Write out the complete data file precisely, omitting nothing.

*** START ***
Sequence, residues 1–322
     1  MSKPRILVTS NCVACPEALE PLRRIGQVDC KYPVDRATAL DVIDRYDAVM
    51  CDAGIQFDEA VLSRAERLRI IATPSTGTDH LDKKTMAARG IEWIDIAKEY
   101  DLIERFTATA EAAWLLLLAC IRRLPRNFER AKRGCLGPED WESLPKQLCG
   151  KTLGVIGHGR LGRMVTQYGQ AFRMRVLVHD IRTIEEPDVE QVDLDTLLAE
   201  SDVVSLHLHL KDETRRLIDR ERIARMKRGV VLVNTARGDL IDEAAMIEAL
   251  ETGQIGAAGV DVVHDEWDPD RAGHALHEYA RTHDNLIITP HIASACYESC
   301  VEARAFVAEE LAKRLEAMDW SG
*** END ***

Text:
Sequence, residues 1–322
     1  MSKPRILVTS NCVACPEALE PLRRIGQVDC KYPVDRATAL DVIDRYDAVM
    51  CDAGIQFDEA VLSRAERLRI IATPSTGTDH LDKKTMAARG IEWIDIAKEY
   101  DLIERFTATA EAAWLLLLAC IRRLPRNFER AKRGCLGPED WESLPKQLCG
   151  KTLGVIGHGR LGRMVTQYGQ AFRMRVLVHD IRTIEEPDVE QVDLDTLLAE
   201  SDVVSLHLHL KDETRRLIDR ERIARMKRGV VLVNTARGDL IDEAAMIEAL
   251  ETGQIGAAGV DVVHDEWDPD RAGHALHEYA RTHDNLIITP HIASACYESC
   301  VEARAFVAEE LAKRLEAMDW SG